Ella couldn’t care less about the weather, which is one quality that marks her out as an excellent walking companion. She frolics among the hedges and shrubs, sniffing everything in sight and quite a few additional things that only dogs can see.

The path takes us deeper into the countryside and further from reliable phone network signals. We march eastwards toward the sunshine, toward the mystery.


All the entrances to Monkton Farleigh Quarry got sealed up years ago, so you can’t get inside the underground city any more. But you can get pretty close. The shed Ella and I seek is the most atmospheric and spooky of those entrances: an abandoned railyard known as Farleigh Down.

We cross a couple of fields, easy hiking, fabulous fresh air. Ella bounds through the long grass as if stalking a deaf antelope. She paddles in the edges of the soft-flowing river and looks expectant, but I’m not throwing sticks for her there today. We have other things to accomplish.

Turn a corner, through a gate, over a stile, and the path turns suddenly to the right. This is the key moment. This is what we came for. We’ve researched this; we know this is the moment to turn left. There’s an unofficial path this way, crossing a ditch and going through some thicker trees (but so many people have had this idea and done this same thing, it’s no longer any trouble to get through).

And here it is. A brick building. Graffiti-strewn, silent. Just yards in front of us is the railway line, Brunel’s masterpiece of geographic re-ordering. But stretching away from us, further east and skirting the edge of the rails, is the railyard site. Sitting grandly at one end of it, like a decrepit former seaside theatre, is a large brick building with a rusting corrugated roof.

From this yard, trainloads of ammunition were diverted from the mainline and sorted, ready for transfer to Monkton Farleigh Quarry a mile or so to the south. This old shed—still grand and imposing, despite its age and its condition—covered the slope down which trucks would be run on narrow-gauge tracks. At the bottom of the slope they would turn a corner and enter an underground yard, where the shells and bullets would be placed on a conveyor belt that carried them off.

I don’t scare that easily, the dark doesn’t bother me—but this place is seriously spooky.Ella looks cautious, but perhaps she’s responding to me. This place feels special, the way history everywhere feels special. It’s silent now, there’s only birdsong. But it retains an atmosphere, a personality. We crunch over the rough gravel and approach the shed.

Ella’s tail hangs down. She looks around as if searching out something more jolly, more dog-like. Her nose twitches.

“This is what we came for?” she asks, incredulous. “I sense vermin, and age, and fear. I don’t like it.”

Now, we can hear broken pieces of the metal roof groaning as they rub against one another in the light breeze. Unng, unng, they say. Ella looks even more nervous as I clamber up into the shed—its floor is about a meter above ground level. She stays below, and growls a tiny little warning.

“I really, really don’t think you should go in there,” she says.

It’s fine, Ella. There’s no one here.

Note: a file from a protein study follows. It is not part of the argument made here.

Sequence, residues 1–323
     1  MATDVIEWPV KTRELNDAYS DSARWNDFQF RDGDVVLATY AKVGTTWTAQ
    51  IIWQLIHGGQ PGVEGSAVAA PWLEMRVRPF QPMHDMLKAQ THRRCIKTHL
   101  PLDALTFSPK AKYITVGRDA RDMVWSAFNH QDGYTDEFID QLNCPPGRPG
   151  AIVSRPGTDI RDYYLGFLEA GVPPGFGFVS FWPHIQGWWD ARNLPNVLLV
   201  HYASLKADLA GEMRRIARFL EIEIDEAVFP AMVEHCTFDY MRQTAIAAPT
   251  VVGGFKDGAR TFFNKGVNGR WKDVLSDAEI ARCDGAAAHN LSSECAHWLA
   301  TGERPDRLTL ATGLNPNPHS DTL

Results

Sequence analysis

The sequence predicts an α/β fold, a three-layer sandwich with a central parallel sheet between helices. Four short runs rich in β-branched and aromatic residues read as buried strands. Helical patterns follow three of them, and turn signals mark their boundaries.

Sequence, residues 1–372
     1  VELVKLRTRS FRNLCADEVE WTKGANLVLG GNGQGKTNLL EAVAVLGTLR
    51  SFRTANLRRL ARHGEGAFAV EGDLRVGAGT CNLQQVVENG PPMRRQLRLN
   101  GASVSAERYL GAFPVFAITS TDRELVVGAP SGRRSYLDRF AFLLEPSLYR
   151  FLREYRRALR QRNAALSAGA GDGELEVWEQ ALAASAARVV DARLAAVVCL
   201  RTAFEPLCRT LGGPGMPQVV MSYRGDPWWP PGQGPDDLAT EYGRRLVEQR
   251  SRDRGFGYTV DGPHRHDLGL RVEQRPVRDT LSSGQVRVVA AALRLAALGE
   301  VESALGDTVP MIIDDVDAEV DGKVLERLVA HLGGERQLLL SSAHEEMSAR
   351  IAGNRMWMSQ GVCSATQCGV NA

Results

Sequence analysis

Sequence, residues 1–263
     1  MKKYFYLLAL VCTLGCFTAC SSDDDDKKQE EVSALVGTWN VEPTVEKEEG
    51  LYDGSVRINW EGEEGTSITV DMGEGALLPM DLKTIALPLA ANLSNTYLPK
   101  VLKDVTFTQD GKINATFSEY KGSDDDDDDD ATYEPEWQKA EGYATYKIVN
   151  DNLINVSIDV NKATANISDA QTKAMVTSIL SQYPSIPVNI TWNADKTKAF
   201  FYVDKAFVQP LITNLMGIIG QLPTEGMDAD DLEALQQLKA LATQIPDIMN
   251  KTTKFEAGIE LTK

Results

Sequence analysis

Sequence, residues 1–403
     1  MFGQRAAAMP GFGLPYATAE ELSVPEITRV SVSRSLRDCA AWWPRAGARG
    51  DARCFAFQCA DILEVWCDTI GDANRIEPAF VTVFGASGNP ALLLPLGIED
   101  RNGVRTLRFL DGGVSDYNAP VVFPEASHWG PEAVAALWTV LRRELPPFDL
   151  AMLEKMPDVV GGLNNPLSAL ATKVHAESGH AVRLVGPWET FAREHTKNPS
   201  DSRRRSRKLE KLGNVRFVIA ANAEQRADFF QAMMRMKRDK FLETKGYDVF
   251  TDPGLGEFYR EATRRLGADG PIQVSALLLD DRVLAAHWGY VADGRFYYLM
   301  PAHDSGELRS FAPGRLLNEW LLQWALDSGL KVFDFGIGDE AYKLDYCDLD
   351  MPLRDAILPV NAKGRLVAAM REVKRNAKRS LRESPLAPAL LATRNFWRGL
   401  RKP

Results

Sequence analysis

“That’s what bothers me. It smells of trouble.”

Peering down into the entrance tunnel, I see graffiti. This place has magnetically attracted local teenagers for 60 years, and they have left their mark. Warnings are scribbled on the walls. Cartoon ghosts. I gingerly go down the slope, watching my step. The floor is covered with rubble, bits of broken metal, litter. Above me, sunlight breaks through cracks in the iron sheeting. The wind picks up momentarily, and I hear the unng unng sound of the roof slowly disintegrating.

Back up top, out of sight, Ella whines.

“Where are you? I can’t see you.”

I’m just going down here, Ella. I’ll be back in a moment.

This is silly. I don’t scare that easily, the dark doesn’t bother me—but this place is seriously spooky. Its personality, visions of wartime struggle and sweat, the thought of the fragile manmade hole drilled through millions of tons of West Country limestone—it all seeps out of the brickwork on either side, making me shiver as I go deeper.

At the bottom of the slope I can look round the corner into the underground truckyard, but all I see is blackness. I brought a flashlight but it’s useless, dwarfed by the scale of this place. I realize that the sense of dread isn’t caused by the darkness itself, but by the knowledge that the darkness stretches away so far into the side of the valley, right inside the hills to the south. There’s a mile of vivid darkness to negotiate, and that’s before you reach Restore’s domain.

With one last shudder, I turn back, and hurriedly make my way to the surface. The sunlight warms me.

Ella, of course, welcomes me as if I’ve been away for years. Her tail wags so hard that her entire hindquarters wag with it. Panting a little in the heat, she looks like she’s laughing with relief.

“Oh thank Dog!” she cries. “Thank Dog you’re back safely! I want to lick you!”

She does so.

Calm down Ella. I was only gone a moment.

“But a moment is forever for a dog,” she points out. Her tail is still wagging but less frantically now. “Can we go and torment some rabbits now?”

No. Let’s explore some more.

We walk round the rest of the railyard site. Just a few years ago, there were wartime rails embedded in the ground here, but everything’s been ripped up. Now it’s a wasteland of rubble, pushed into piles by machinery. Only the shed itself remains—aloof, dignified, unconcerned by progress.

I wonder how much longer that’s going to last, I say. Nature has taken her time destroying this place; there will be opportunities for return visits. With more companions and better flashlights. We needn’t go far, I don’t think. One cavern is much like the rest, and mysteries of history don’t have to be tangible objects. Besides, I don’t think there’s much that’s secret about this place any more.

“Have you got any sticks?” asks Ella, impatient.

Not now, Ella. Not right now.